From Oleh (posted March 4, 2014)

This is a story I heard Dad repeat several times when we were growing up. I remember once he mentioned it when we were paying for gas at a gas station and they were selling chocolate bars at the cash register.

It was towards the end of the War. The Americans would bomb from high altitudes in the day and the British would bomb at nights. There was every effort being made to destroy any industry and transportation in Germany. It was a tense time with Dad in a work camp. Rumors were floating around as to troop movements were taking place. Everyone was hoping to be captured by the Americans because they had the most food.

One day an American airplane dropped leaflets announcing that factory, where my father worked, was going to be bombed that night. So it was going to be a low level British bombing. That evening all he prisoners were dressed in striped clothing and sent out into and adjacent field so avoid loss of life. That night my Dad recalled the destruction and the burning of the factory where he has been working for the last 3 years of his life. That night he fell asleep on a bale of hay in the center of the field.

The following morning he was awakened to ground beginning to shake and tremble. He woke up to another huge wing of airplanes flying toward and over him. He lay on his back and watched. There was something different about these planes. As he gazed overhead he saw puffs appear in the sky and soon the entire sky was filled with paratroopers. He could read that they were American planes. He was in the middle of a drop zone. As he looked in awe at what was happening, he heard a commotion behind him. He spun around and there was a young paratrooper wrapping up his parachute. The soldier saw him and ran toward him barking out orders . Dad did not understand what he was saying. The soldier stopped and  took a look at Dad.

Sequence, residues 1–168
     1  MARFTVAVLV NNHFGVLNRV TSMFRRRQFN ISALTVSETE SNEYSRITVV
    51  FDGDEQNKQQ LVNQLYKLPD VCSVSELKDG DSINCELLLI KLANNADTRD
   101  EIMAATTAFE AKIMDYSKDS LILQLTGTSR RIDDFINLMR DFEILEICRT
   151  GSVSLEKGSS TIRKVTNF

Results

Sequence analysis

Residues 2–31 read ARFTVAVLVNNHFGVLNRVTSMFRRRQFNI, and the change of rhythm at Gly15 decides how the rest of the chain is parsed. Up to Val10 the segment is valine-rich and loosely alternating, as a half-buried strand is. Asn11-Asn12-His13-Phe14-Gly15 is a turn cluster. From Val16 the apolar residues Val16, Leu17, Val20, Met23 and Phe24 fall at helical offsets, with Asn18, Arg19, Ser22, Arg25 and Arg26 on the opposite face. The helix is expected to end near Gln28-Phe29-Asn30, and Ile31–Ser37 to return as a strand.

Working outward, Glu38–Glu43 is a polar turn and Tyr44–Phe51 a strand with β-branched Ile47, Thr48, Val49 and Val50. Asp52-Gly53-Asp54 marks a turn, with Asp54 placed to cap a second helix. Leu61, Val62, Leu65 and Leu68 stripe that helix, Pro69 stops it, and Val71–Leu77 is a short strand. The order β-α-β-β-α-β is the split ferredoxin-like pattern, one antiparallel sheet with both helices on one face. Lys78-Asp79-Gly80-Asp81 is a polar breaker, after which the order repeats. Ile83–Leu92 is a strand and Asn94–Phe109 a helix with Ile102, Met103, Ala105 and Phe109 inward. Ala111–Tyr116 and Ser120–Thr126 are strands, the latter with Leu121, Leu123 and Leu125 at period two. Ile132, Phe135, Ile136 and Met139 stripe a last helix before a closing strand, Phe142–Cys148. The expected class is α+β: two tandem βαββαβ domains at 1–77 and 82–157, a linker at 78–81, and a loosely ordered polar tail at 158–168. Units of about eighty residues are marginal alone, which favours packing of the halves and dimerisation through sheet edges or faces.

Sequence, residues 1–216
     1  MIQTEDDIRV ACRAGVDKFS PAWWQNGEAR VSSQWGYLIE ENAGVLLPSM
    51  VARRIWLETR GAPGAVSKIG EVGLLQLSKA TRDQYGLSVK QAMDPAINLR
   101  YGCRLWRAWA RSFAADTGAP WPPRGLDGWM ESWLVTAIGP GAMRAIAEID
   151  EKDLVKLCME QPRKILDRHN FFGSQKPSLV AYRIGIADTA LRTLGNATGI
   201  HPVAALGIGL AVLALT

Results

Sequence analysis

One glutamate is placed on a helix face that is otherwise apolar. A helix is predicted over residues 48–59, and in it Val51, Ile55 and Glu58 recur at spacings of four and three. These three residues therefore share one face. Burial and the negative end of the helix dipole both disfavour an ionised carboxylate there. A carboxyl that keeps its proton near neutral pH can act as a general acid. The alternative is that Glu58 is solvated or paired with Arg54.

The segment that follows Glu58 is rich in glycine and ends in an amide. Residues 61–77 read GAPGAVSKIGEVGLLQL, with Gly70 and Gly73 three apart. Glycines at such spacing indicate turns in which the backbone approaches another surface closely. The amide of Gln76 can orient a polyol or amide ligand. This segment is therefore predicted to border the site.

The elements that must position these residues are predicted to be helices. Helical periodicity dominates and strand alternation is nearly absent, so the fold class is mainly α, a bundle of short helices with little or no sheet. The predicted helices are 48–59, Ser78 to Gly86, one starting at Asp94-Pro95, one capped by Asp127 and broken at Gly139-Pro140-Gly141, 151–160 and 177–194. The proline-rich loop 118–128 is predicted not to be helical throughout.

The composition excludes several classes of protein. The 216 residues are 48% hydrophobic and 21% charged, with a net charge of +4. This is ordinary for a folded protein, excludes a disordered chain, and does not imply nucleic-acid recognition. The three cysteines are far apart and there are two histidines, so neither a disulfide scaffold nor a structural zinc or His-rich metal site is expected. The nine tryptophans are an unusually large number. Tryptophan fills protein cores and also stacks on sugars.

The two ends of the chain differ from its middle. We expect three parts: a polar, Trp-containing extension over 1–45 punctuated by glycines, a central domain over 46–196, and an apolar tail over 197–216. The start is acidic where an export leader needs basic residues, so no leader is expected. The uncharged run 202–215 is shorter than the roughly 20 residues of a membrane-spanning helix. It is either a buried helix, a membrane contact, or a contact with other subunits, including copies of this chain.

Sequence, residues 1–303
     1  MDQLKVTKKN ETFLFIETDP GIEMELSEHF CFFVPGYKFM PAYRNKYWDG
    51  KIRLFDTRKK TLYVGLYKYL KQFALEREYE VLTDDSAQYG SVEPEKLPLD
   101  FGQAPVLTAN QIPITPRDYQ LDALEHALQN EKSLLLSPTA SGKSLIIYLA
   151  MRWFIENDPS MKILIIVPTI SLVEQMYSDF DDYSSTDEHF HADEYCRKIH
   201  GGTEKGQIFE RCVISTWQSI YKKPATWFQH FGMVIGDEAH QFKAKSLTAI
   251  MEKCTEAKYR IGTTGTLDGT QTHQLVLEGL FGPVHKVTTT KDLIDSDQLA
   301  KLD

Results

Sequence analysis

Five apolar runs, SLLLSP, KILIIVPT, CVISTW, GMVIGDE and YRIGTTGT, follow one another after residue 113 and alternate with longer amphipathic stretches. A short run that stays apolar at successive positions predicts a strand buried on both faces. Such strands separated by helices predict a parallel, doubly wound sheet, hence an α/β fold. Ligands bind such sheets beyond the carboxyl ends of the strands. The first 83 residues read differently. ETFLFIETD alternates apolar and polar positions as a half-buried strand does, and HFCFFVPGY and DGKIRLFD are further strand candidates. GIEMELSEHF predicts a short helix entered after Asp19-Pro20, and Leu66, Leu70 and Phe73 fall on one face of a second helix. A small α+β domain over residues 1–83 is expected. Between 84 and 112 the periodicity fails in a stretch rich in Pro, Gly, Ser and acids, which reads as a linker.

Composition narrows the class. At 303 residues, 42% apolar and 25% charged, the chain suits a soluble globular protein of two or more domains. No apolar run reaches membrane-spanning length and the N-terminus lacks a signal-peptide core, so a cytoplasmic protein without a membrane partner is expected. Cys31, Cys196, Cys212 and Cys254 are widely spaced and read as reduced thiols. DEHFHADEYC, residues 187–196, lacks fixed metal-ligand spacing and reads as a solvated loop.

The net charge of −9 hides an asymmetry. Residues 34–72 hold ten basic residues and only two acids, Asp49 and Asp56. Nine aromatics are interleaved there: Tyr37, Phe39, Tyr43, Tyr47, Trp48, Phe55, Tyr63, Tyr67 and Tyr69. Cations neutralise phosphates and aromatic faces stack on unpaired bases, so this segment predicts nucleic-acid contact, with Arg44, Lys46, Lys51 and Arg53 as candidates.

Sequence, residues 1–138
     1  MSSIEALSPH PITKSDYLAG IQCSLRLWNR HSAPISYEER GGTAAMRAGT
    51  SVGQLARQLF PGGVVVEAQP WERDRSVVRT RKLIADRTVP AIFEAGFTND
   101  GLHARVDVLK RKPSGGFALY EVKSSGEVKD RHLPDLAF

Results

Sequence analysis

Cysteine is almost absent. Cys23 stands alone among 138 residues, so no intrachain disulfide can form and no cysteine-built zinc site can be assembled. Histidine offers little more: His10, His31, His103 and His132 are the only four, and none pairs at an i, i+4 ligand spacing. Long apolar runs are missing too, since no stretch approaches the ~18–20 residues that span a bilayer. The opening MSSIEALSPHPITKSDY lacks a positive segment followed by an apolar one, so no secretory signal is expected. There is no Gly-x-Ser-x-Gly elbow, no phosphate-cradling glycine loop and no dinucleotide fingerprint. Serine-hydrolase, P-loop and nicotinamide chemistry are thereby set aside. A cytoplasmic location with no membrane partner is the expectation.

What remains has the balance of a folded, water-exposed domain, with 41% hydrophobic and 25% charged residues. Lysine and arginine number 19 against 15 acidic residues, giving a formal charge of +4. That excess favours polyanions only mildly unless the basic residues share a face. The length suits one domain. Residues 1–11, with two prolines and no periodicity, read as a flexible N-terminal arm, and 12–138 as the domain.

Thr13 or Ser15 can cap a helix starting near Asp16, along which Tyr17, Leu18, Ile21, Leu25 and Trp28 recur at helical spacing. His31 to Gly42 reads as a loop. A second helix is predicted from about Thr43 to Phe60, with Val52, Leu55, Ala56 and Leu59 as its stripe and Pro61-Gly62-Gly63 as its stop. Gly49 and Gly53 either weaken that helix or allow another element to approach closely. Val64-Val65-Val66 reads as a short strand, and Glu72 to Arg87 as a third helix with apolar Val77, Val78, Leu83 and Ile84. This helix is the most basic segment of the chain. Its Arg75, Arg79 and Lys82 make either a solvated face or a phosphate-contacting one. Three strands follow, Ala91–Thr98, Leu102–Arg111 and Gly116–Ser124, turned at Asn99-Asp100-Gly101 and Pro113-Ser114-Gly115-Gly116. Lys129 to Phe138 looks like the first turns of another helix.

That must have been a scene. Two 20 years old looking at each other. One a soldier and the other a refuge from a labor camp. The soldier appeared to be stunned when he saw Dad. Maybe it was the health of my Dad or his gaunt face from years of malnutrition. I know Dad had boils on his face during and after the war. 

With the soldier yelling and my Dad confused, the soldier stopped reached into his coat pocket. Dad said he felt his face go flush. He thought the soldier was reaching for a pistol. He was a dead man.   The soldier pulled out three things a Hershey bar, a pack of Wrigley’s Spearmint gum and combat rations. He gave them to my dad and then Dad understood he was safe. I have to think it was the best meal he ever ate.   Anytime by Dad had a Hershey bar or was one on a counter at a store. I’m sure he thought of that moment. Freedom.